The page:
This is the second installment in our brand new series, "Our CEO's Crazy Friends and Their Science Adventures". Each episode is written by one of our CEO's friends, who is not necessarily a science expert, but wants to share their passion for science.
April 2018 Update
Our Science adventures continue. The Ronkonkoma Middle School Garden Club met to transplant seedlings to bigger pots. Soon, we'll be moving planting our little squash, tomato, kale, and chard plants to the outdoor beds. Then, we'll start making a summer schedule for weeding, watering, and harvesting. Our club members continue to learn about the many benefits of growing and eating their own food.
I’m an English teacher.
I began my college career at Union College as a math major. Lucky for me, Union’s Common Curriculum requires that every student take coursework across multiple content areas. One random day during the spring of our junior year, my roommate, who is now the CEO of MyGeneCounsel, suggested I attend a meeting for people who might consider enrolling in Union’s new teacher education program. “You’d be good at it,” she said. And so, I graduated as an English major, but I studied all of it.
So I’m an English teacher.
Still, I think the most important concepts I teach my middle school students are the connections that they can make among all content areas. The bottom line is that connections create permanent impressions on growing minds.
As a co-advisor to our school’s garden club, our primary goal is to awaken our students’ connection with nature and eating whole foods; we try to emulate other Edible School Gardens around the country and around the world. Check out this one.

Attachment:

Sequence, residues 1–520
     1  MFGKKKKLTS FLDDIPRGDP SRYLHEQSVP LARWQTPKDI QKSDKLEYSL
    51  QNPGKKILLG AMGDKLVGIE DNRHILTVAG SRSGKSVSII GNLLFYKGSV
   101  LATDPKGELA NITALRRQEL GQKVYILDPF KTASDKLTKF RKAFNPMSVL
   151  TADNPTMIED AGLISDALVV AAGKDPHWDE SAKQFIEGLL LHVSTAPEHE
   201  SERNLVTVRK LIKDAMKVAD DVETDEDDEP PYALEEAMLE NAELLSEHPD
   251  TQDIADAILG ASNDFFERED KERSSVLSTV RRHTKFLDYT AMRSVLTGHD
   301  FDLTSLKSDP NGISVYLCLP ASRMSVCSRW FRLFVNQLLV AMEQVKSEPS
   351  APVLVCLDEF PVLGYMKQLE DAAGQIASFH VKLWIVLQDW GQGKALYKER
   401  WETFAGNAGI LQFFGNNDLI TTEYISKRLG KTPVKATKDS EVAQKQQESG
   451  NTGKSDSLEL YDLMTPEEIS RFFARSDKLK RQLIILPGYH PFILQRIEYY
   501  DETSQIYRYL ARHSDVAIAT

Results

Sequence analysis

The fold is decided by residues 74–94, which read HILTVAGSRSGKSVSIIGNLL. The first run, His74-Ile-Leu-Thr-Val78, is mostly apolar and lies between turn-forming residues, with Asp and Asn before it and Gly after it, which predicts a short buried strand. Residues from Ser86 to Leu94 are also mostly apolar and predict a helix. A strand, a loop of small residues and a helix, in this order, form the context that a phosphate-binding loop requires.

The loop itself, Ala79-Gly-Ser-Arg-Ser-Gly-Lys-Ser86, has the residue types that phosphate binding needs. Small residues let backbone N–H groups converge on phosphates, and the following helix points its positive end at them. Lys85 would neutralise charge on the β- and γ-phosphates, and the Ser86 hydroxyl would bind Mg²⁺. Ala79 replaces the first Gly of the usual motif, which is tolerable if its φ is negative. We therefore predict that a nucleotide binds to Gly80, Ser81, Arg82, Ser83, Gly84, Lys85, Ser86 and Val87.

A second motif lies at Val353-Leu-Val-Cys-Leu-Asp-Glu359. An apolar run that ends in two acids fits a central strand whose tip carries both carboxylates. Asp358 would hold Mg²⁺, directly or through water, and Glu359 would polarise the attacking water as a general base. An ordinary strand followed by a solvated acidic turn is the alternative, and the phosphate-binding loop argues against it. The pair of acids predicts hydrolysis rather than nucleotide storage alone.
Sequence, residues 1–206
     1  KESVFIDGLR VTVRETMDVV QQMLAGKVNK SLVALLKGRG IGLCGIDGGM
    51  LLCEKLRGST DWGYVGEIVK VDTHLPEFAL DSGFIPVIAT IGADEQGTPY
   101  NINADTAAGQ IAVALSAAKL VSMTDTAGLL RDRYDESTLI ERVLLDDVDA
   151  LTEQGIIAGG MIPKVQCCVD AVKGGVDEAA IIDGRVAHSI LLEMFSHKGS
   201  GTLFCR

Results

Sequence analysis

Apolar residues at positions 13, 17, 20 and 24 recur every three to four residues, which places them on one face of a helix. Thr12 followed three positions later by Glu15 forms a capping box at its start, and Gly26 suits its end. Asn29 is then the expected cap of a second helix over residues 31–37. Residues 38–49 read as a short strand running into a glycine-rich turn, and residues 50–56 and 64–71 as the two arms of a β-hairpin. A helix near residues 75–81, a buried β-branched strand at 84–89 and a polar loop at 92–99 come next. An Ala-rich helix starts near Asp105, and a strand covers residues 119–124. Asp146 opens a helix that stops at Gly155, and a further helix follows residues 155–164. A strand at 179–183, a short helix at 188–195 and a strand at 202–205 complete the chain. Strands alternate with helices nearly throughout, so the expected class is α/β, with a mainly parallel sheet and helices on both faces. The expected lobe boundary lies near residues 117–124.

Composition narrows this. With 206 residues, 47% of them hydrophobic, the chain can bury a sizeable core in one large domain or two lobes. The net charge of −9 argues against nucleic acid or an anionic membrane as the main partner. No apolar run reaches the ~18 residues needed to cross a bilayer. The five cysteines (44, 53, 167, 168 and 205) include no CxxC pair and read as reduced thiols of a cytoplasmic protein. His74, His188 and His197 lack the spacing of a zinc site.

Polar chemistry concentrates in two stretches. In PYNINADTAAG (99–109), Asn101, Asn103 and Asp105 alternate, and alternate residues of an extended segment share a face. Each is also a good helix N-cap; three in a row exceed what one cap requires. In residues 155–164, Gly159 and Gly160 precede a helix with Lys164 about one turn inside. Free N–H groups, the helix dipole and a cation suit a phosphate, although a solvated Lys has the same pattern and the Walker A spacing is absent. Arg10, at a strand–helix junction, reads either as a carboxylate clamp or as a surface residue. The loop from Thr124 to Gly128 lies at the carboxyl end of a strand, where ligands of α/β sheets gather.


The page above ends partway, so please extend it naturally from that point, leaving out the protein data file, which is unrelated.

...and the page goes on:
During our meetings that take place during the school year and throughout the summer, we inform our students about the problems with the food industry, introduce them to the concepts of sustainability and healthy eating, and provide them with small ways that they can begin to change the world. We watch clips like this one, about the Doomsday Seed Vault, the trailer for FOOD, Inc. and the review of the book The Omnivore’s Dilemma to learn more.
We grow our crops from seeds. We have learned, together, that it’s hard to grow watermelon on Long Island, and that it’s easy to grow broccoli and Brussels sprouts. We have learned that weeds are strong, and that they are hard to control without pesticides, but that weeding is worth our time. Most importantly, we have learned that working together is extremely rewarding. Our club consists of children from all grade levels in our middle school, children from all social cliques, children from all academic tracks, from all ethnic backgrounds. They are all gardeners, and they nurture one another the same way they nurture their plants.